3D Printers Now Make Edible Food, But Does It Taste Good?

3D printers that cook using lasers can customize every single bite of a meal.

By Jonathan Klotz
| Published

3D printers have been widely used for years, making everything from high-fashion to prosthetics, and with the latest breakthrough from Columbia University, the technology can now make a cheesecake. A new study published in Nature explains the incredible process of transforming paste into an edible dessert over only 30 minutes. Dr. Jonathan Blutinger insists that the experience of eating 3D-printed food is similar to Willy Wonka‘s three-course dinner chewing gum in that every bite can provide a new burst of flavor, giving the baker ability to localize highly specific flavors in every meal.

It’s that last feature that makes the food from Columbia University’s 3D printers truly stand out compared to other companies that have been printing food for years. It’s possible to buy vegan steaks, and printed sugars and eat at a restaurant with a 3D printer in the kitchen instead of an oven. Researchers adjusted the current techniques by adding one key tool that handles the baking: lasers.

Mounting lasers on sharks may be a great idea, but using lasers to bake food in a 3D printer is even better, giving bakers control over every part of the process. The heat from the lasers can be fine-tuned to change the printing paste to a solid, mimicking a convection oven. Blutinger explains that the process can be controlled down to the millimeter, allowing every cake slice to be customized.

The 3D-printed cheesecake used in the study took 30 minutes to produce a single slice. Each slice included multiple flavors: cherry, graham cracker, peanut butter, hazelnut, and banana. Different waves of flavor can hit the taste buds on a controlled basis, making it possible for every product produced to be unique.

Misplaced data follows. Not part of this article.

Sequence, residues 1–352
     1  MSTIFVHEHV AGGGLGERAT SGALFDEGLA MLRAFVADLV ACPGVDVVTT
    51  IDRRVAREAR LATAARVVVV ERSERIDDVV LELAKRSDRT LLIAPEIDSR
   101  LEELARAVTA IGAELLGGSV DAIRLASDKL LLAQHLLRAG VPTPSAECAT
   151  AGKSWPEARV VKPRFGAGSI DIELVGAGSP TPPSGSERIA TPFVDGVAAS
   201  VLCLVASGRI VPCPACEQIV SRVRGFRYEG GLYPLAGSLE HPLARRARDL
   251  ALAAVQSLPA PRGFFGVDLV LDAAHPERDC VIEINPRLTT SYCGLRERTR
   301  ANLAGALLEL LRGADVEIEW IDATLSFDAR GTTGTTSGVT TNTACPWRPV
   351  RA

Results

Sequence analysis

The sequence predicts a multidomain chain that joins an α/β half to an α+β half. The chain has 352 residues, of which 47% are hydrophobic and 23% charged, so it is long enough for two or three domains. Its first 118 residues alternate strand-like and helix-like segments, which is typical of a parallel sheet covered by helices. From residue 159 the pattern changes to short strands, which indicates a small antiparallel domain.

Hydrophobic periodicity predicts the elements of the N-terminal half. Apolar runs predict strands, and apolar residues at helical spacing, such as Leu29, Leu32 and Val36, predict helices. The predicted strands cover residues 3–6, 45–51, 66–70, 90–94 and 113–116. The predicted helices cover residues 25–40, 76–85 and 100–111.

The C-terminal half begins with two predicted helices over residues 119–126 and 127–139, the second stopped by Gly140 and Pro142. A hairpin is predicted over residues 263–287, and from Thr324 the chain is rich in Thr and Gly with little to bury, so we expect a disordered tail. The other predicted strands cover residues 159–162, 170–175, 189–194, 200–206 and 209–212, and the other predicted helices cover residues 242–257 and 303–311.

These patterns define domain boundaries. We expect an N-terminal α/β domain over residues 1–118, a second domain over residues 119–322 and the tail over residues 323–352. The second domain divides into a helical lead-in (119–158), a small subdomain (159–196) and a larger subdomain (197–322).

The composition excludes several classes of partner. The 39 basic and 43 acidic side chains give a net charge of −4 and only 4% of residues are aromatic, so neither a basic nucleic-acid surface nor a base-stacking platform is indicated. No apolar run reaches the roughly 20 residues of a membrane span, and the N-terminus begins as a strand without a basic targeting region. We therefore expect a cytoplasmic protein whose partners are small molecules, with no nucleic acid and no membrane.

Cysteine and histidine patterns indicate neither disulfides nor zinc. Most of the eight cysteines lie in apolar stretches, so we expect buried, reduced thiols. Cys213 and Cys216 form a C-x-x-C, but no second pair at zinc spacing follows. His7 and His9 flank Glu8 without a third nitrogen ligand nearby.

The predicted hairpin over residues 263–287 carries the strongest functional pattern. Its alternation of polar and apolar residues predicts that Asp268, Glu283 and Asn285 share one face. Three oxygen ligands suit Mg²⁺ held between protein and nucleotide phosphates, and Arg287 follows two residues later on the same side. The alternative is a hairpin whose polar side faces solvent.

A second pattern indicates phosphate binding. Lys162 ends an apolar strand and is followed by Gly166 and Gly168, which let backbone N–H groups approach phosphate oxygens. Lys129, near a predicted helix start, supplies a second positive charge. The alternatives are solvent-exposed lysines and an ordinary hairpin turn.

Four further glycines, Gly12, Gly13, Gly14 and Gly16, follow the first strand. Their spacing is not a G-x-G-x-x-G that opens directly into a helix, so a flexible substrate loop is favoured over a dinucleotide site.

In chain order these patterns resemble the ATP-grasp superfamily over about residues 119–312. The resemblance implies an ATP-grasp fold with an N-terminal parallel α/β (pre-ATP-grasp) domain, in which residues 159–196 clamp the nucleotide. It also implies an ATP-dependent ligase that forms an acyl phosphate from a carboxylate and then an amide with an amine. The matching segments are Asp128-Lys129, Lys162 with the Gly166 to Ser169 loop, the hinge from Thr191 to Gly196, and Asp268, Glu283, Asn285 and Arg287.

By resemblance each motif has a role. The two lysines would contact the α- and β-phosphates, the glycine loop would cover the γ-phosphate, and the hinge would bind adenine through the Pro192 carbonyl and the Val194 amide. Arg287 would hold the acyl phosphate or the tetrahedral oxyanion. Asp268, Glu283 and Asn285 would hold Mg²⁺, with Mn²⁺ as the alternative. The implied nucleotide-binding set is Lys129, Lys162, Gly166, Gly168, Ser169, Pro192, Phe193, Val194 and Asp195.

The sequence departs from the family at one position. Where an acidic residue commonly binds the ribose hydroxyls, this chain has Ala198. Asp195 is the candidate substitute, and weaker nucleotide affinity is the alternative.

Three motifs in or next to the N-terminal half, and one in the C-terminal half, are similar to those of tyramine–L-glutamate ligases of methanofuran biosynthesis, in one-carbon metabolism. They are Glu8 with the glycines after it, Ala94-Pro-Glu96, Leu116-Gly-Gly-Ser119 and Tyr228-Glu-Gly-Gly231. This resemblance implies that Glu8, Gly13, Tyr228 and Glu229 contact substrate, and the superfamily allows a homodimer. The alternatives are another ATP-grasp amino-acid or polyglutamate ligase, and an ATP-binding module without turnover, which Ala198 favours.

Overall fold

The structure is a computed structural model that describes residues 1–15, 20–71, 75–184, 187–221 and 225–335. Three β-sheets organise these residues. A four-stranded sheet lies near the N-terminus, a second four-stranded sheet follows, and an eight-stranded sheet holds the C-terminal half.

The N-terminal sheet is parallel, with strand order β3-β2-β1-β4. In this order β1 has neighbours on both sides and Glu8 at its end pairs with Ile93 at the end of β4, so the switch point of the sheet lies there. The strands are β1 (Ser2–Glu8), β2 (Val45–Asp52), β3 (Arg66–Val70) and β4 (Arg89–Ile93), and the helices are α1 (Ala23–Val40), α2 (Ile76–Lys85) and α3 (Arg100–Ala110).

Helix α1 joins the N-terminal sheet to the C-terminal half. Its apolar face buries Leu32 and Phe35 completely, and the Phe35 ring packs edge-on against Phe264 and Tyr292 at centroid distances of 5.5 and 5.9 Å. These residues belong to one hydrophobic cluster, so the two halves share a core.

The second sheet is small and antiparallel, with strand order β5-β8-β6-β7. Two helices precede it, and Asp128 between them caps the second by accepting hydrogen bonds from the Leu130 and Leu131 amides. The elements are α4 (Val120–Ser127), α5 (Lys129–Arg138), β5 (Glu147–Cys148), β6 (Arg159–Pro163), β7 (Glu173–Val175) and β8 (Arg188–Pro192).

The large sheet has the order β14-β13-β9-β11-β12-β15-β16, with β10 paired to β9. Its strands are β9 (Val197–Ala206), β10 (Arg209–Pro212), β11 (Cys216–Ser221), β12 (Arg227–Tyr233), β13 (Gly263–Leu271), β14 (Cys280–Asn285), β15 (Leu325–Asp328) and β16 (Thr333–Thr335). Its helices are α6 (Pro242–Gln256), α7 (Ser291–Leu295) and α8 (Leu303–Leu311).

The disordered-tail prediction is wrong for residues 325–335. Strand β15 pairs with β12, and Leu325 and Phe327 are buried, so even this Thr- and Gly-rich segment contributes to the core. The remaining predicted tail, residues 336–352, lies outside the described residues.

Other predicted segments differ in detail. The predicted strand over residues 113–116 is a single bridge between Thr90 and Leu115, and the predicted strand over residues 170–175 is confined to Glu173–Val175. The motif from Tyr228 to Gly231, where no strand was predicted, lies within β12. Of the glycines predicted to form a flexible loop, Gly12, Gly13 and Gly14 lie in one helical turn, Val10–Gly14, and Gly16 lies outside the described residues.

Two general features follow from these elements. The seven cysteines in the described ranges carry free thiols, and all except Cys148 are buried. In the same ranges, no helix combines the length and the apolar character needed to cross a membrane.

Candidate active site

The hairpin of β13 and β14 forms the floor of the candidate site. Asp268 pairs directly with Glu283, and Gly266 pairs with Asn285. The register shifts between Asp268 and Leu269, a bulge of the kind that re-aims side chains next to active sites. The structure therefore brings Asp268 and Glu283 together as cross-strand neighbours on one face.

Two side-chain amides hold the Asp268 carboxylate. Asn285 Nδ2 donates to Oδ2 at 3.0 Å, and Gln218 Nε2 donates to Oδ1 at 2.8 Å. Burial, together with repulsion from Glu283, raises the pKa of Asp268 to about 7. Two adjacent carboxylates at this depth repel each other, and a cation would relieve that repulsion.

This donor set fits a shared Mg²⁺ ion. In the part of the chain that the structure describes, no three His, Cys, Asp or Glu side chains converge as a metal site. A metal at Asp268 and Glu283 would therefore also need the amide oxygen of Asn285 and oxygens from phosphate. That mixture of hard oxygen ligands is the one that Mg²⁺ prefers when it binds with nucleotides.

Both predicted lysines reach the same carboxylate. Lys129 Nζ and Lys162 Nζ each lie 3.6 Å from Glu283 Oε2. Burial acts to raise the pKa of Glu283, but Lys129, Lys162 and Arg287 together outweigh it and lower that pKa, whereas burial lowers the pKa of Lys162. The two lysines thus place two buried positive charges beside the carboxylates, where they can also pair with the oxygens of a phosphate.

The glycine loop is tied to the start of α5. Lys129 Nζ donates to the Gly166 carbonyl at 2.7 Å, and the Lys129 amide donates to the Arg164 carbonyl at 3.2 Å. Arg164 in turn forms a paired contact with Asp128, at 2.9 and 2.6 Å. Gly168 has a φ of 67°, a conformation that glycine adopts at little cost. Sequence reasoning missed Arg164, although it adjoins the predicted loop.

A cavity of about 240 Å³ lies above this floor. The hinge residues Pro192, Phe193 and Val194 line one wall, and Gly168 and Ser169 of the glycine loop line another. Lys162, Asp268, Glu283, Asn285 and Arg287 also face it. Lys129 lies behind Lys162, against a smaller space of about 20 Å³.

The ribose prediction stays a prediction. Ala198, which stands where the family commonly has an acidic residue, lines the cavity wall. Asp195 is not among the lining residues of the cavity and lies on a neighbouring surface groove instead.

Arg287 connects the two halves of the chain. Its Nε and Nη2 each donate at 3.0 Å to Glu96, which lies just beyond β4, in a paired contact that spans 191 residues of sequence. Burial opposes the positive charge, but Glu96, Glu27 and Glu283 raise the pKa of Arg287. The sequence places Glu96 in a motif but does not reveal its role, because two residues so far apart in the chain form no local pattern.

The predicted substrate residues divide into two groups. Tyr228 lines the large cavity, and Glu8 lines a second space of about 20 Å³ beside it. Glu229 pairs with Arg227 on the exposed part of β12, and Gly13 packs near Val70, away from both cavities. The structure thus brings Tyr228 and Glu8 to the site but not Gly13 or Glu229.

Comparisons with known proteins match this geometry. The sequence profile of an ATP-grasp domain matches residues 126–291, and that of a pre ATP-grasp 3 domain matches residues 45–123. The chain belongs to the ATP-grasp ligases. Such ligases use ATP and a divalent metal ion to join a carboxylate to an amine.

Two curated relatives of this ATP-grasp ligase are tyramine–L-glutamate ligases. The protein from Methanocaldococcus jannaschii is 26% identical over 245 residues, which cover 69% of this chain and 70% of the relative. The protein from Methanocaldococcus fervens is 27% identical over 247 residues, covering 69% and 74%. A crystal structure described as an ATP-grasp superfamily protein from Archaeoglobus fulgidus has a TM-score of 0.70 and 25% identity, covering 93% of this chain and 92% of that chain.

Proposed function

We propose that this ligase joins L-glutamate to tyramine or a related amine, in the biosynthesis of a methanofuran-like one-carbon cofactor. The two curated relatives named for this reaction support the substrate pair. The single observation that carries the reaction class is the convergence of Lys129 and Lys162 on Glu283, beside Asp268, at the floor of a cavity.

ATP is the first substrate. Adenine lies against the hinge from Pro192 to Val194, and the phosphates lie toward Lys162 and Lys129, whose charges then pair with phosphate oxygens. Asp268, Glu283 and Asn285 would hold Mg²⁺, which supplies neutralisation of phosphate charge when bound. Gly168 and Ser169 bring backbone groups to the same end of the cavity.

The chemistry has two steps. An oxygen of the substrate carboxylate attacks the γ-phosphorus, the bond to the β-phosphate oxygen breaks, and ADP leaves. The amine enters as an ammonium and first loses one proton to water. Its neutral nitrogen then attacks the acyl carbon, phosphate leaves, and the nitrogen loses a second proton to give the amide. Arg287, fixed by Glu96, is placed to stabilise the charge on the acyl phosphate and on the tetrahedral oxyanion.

3D printed chocolate

Cooking with lasers and 3D printers may sound fancy and futuristic, but it’s the same as traditional ovens or stovetops, as it’s just a different way to produce heat. The Columbia University study’s next phase will examine how 3D printing food cooked with lasers adjusts nutritional values. No special additives were used in the initial study, with every food product purchased off the shelf of a local grocery store.

3D printers have become more cost-effective over the years, and lasers have also significantly dropped in price, costing only $500 for each used in the study. Blutinger expects the technology to be commercially viable within the next five years. While price is important, the taste is the most important factor for widespread adoption by the public. As proved by the success McDonald‘s had with the McRib, or Bojangles with the chicken sandwich, people will line up for hours to get otherwise unremarkable food once the taste is perfected.

Though 3D printers with lasers aren’t common in every kitchen today, the time may come when life resembles Star Trek or the Jetsons, and cooking involves hitting one button. When it does, hopefully, the taste is there, and all the bugs are out of the system, as it’s bad enough now to bite into a cookie and find out those aren’t chocolate chips. If the technology can guarantee that oatmeal cookies will taste like chocolate chip cookies, it will be worth its weight in gold.

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